Interdisciplinary Design Patterns
Jan O. Borchers
University of Linz
4040 Linz, Austria
+43 732 2468 744
Designing successful interactive systems requires user interface experts
to work together with developers and users in an interdisciplinary team.
However, these groups usually miss a common terminology to exchange ideas,
opinions, and values. This paper proposes that each of these groups express
its design experience and paradigms as a design pattern language, which
makes it easier for the other disciplines to understand those issues.
Pattern languages have proven to be a medium that is very well suited to
the task of communicating design experience and knowledge even to outsiders
of the respective profession. In fact, one of Alexander's original goals
in publishing his pattern language for urban architecture was to allow
the inhabitants (that is, the users) to participate in designing
their environments .
Software engineering picked up the concept around 1987 , and
that community has since had a large number of software design patterns
collected and published, especially in the PLoP conference series .
The idea of using patterns to empower users to participate in design decisions,
and the goal of creating systems and environments of a higher quality of
use, however, has largely been lost, and software patterns become hardly
more than a convenient format for discussion amongst designers. To quote
Alexander's observations on pattern usage in software engineering:
"Now, my understanding of what you are doing with patterns...
It is kind of a neat format and that is fine. The pattern language that
we began did have other features, and I don't know whether those have translated
into your discipline. I mean there was at root behind the whole thing a
continuous mode of preoccupation with under what circumstances is the environment
good. In our field that means something." 
HCI has picked up the pattern idea earlier than many people would expect
[5,6,7]. Recently, it has begun to receive broader attention [8,9], and
HCI pattern languages have started to appear . It turns out that user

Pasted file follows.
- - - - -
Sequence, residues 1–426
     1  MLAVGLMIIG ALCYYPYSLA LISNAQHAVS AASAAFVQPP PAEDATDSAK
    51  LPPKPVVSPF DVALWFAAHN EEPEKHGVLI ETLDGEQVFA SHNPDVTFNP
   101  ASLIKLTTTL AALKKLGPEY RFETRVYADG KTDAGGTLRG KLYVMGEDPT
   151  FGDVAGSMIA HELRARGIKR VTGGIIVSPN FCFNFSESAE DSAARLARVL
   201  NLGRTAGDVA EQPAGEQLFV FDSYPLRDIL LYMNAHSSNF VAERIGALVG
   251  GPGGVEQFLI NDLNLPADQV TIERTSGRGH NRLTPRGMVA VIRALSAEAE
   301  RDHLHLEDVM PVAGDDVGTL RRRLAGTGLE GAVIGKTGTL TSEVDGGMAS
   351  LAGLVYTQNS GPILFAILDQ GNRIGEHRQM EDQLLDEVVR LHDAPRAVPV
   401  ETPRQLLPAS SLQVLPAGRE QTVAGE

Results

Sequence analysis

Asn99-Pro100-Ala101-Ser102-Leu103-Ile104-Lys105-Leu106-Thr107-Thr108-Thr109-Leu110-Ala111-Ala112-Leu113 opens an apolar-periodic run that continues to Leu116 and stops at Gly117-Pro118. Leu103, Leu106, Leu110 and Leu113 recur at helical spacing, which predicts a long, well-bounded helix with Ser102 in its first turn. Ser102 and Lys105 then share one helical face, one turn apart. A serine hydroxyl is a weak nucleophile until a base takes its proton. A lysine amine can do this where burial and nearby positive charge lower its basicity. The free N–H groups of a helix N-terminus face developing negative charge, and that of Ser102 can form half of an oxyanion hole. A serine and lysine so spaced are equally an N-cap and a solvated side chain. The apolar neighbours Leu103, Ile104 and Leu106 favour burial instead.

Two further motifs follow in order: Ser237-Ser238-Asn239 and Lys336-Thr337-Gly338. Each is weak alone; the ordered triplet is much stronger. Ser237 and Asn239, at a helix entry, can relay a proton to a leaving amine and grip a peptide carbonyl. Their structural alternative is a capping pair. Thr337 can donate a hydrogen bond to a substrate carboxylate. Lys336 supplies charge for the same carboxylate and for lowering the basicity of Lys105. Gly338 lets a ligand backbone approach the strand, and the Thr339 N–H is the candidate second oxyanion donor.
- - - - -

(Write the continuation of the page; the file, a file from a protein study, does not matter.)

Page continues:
interface design is much closer to architecture than software design, because
it deals more directly with spatial relationships and visual aesthetics.
However, the importance of the time dimension distinguishes UI design quite
fundamentally from architecture, and it is not clear yet how temporal relationships
can be cast into patterns [7,8].
An interdisciplinary pattern approach
Pattern languages have thus shown their usefulness for expressing design
experience, in a format also understandable for nonprofessionals, in architecture,
software engineering, and user interface design. We propose that in every
application domain that incorporates some form of creative, design-like
work, expertise can be expressed in the form of patterns as well.
We therefore suggest that HCI professionals, software engineers
and application domain experts or users should express their respective
design experience, paradigms, and values as pattern languages. This format
makes it easier to understand each other's design criteria and concepts,
fostering interdisciplinary communication that is crucial for the design
of a successful interactive system.
Example: Interactive Music Exhibit
We developed an interactive exhibit about music called WorldBeat
, and used the pattern format to express not only software and UI design
issues, but also the knowledge from the application domain "music" for
this project [12,13]. In music, the "designer" is a composer or player
creating musical artifacts, and in Jazz, for example, a language of patterns